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With boost from Palin, Republicans look to November

ST. PAUL, Minn. — The Republicans emerge from their national convention with a new star — and it isn't their presidential nominee.

It's vice-presidential candidate Sarah Palin. Even with John McCain's speech Thursday evening, it was clear that he will share the spotlight through the fall with his charismatic No. 2 rather than watch her slip back into the shadows, as running mates normally do.

It's even possible that he may slip into her shadow.

Either way, McCain appeared confident sharing the starring role as he claimed the nomination Thursday.

"I'm very proud to have introduced our next vice president to the country," he said to applause. "But I can't wait until I introduce her to Washington.�And let me offer an advance warning to the old, big-spending, do-nothing, me-first, country-second Washington crowd: Change is coming."

Palin's higher-than-normal profile could have a downside if the one-term Alaska governor strikes swing voters as too strident, as Democrats said Thursday, or too inexperienced, as they've said all week. It's too early to tell.

But the upside was clear immediately, as her strong performance Wednesday night is exciting the party's conservative base and giving Republican insiders hope for the first time that they'll be able get volunteers to knock on doors and battle street by street, a critical tool in a close election.

In the battleground state of Virginia, for example, Glenn Druckenbrod said he was heading to the local Republican headquarters Thursday to volunteer after watching Palin's speech.

"As a conservative, I've been frustrated since 1988 that we have been lacking an effective communicator," said Druckenbrod, a doctor from Fairfax Station, a suburb of Washington.

"We had George H.W. Bush, then Bob Dole, then George W. Bush. None were effective communicators. Now we've got John McCain. Like him or not, the guy doesn't light you up. Now the Republican Party has someone who can communicate."

That's no small thing for a party that's been suffering at the short end of an enthusiasm gap.

Although polls all summer have shown a close race between McCain and Democrat Barack Obama, insiders in both parties have observed that the Democrats, eager to end the Bush years, have more energy on their side. Republicans, particularly conservatives, have been lukewarm at best about McCain, whose reputation was earned by opposing his own party.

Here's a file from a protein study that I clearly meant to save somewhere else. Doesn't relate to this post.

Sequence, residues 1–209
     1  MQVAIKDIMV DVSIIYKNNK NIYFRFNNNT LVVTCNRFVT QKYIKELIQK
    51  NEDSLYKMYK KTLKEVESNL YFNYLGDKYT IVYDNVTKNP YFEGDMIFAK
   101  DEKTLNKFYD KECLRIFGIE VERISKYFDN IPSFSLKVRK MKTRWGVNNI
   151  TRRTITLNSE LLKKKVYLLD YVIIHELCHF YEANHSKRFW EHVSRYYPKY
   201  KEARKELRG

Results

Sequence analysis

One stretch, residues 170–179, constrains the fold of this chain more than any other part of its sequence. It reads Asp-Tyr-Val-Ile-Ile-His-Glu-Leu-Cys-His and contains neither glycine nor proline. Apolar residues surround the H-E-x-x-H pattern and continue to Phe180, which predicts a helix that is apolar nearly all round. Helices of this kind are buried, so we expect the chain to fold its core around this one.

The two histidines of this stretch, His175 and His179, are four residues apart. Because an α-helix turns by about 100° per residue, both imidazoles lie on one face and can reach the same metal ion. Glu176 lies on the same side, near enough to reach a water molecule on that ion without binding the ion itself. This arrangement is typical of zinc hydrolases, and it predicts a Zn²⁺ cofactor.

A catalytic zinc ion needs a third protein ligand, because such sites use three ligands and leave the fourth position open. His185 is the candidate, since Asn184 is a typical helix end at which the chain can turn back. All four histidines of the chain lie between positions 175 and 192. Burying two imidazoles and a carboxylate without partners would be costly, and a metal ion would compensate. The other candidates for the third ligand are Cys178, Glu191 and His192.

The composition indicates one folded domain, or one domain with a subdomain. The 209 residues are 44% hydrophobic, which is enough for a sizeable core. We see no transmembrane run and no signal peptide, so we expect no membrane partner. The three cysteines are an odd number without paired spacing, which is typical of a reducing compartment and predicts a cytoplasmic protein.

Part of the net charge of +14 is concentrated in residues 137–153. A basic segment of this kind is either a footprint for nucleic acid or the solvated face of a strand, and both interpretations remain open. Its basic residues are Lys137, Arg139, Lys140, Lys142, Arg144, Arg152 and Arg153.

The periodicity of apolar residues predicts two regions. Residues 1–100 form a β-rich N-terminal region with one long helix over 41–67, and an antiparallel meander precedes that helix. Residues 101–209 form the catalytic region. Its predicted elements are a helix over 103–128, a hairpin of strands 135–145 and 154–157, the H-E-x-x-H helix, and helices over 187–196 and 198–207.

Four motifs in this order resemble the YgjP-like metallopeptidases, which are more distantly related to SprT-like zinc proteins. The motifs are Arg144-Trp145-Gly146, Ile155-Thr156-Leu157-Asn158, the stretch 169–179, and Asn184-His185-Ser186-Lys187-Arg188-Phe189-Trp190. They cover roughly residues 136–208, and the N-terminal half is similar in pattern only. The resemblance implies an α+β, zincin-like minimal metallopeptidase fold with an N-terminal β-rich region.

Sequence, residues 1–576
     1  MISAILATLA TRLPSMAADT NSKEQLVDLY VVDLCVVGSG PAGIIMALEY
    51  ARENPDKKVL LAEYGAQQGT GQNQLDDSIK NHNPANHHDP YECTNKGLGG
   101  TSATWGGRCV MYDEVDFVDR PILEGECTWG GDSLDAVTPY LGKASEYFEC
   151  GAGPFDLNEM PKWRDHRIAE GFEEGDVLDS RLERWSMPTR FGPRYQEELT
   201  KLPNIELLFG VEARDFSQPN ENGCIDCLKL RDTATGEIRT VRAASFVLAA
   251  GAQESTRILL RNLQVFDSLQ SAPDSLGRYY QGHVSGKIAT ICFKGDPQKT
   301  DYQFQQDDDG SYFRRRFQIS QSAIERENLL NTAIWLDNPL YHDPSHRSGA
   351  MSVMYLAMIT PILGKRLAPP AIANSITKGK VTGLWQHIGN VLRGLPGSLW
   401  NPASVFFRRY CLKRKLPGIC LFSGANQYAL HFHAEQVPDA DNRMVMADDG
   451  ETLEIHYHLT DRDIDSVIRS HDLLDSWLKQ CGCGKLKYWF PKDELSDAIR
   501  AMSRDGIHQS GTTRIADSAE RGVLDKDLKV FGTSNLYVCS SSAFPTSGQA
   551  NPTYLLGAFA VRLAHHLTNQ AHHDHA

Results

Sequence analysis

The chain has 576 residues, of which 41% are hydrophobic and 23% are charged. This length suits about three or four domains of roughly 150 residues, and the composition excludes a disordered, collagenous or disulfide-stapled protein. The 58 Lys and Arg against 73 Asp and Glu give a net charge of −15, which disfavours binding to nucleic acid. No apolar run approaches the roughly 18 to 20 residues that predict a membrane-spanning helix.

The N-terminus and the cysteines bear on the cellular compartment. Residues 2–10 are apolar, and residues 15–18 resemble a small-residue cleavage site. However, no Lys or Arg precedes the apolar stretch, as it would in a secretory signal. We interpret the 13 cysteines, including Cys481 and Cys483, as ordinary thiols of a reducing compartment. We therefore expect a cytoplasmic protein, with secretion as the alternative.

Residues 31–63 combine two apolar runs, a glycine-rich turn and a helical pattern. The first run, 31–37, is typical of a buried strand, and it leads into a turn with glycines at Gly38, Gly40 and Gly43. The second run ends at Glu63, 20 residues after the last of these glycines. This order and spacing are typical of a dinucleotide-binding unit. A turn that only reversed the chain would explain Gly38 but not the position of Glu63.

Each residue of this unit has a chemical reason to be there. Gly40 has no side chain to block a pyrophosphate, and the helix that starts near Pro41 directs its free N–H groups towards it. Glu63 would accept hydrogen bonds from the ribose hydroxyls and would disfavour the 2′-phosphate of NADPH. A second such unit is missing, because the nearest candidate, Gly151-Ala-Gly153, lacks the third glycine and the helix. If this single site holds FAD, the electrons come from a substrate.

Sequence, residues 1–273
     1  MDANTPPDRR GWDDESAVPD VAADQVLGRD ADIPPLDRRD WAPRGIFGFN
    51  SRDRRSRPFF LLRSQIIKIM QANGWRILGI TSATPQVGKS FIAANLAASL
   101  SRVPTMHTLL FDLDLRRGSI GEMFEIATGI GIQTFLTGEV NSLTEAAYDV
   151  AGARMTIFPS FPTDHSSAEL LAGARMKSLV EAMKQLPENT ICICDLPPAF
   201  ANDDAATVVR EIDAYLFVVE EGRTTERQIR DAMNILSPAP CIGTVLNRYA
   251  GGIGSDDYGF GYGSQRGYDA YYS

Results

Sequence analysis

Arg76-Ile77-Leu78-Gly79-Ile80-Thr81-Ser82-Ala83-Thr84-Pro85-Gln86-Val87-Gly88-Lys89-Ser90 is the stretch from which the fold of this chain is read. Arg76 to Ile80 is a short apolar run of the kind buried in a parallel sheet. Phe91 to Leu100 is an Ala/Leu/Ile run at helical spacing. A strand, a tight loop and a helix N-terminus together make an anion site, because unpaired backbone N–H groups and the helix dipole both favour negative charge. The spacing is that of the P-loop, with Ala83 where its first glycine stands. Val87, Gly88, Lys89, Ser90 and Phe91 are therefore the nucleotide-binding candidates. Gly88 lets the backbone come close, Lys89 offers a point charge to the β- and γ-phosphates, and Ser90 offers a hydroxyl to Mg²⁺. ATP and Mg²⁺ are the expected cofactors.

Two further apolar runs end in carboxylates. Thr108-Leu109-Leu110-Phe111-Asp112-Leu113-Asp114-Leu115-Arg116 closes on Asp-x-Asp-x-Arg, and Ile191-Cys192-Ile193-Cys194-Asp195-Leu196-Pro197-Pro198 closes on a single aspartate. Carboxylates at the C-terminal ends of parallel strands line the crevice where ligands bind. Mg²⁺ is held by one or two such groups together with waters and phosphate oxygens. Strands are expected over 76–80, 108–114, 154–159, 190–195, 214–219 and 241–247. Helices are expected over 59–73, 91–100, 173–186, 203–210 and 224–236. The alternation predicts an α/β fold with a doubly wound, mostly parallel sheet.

That could be critical this fall if the election is close and victory depends on what campaigns call the "ground game" of volunteers knocking on doors to turn out every possible friendly vote.

President Bush had that advantage in 2004; his get-out-the-vote engine squeezed out a narrow win in Ohio and locked up his re-election.

Now Palin could help turn up the heat again for the Republicans.

"Before the speech, some critics were saying maybe she should bow out, she does not have experience, that it would be a net negative," said Jim Butler, a convention delegate from Dayton, Ohio. "After the speech, it is all positive. Ohio is more energized. . . . Hopefully this will help win Ohio even more."

Palin instantly appealed to contributors. McCain's once lackluster fundraising jumped by $10 million in the days after he picked her. Now, as she faced a torrent of questions about her background, her convention speech galvanized conservatives even more.

"She was a loud alarm clock that woke up all political junkies that were asleep," added delegate Jim Bention of Monroe, N.C.

"She did extraordinarily well. A lot of people can give a good speech. Only occasionally is there someone who also connects with people in a very personal way. She connected. She has that X factor," said Vin Weber, a former Republican congressman from Minnesota and top party strategist.

"The Republican ground game had been lagging. Her appeal to the base guarantees that we'll have a ground game," Weber said.

Weber predicted she would be "as big a star" as McCain through the fall campaign, something that even conservative favorite Jack Kemp didn't achieve when he was Dole's running mate in 1996.

The Obama campaign saluted Palin's speech, but strongly suggested that she could turn off some voters.

"She gave a very strong speech, for the ticket and for herself," said Robert Gibbs, a senior adviser to the Obama campaign.

He added, however, that the "tone" of the attacks in her speech and others delivered at the convention might strike some voters as strident.

"The jury is still out how it played in a lot of suburban counties where the election will be decided," he said.

Indeed, as Palin roused the Republicans' conservative base, the energy had still not shown up in polls.

Gallup's daily tracking poll Thursday showed Obama leading 49 percent to 42 percent, still enjoying the bounce of support he received following the Democratic National Convention last week.

Gallup analysts cautioned, however, that their three-night survey included the two nights before Palin's speech, and that even the Wednesday night sampling started before she spoke.

The overall impact from Palin's speech, and McCain's, won't be known for several days.

(McClatchy convention interns Lindsey Lanzendorfer and Natasha Ludwig contributed to this article.)


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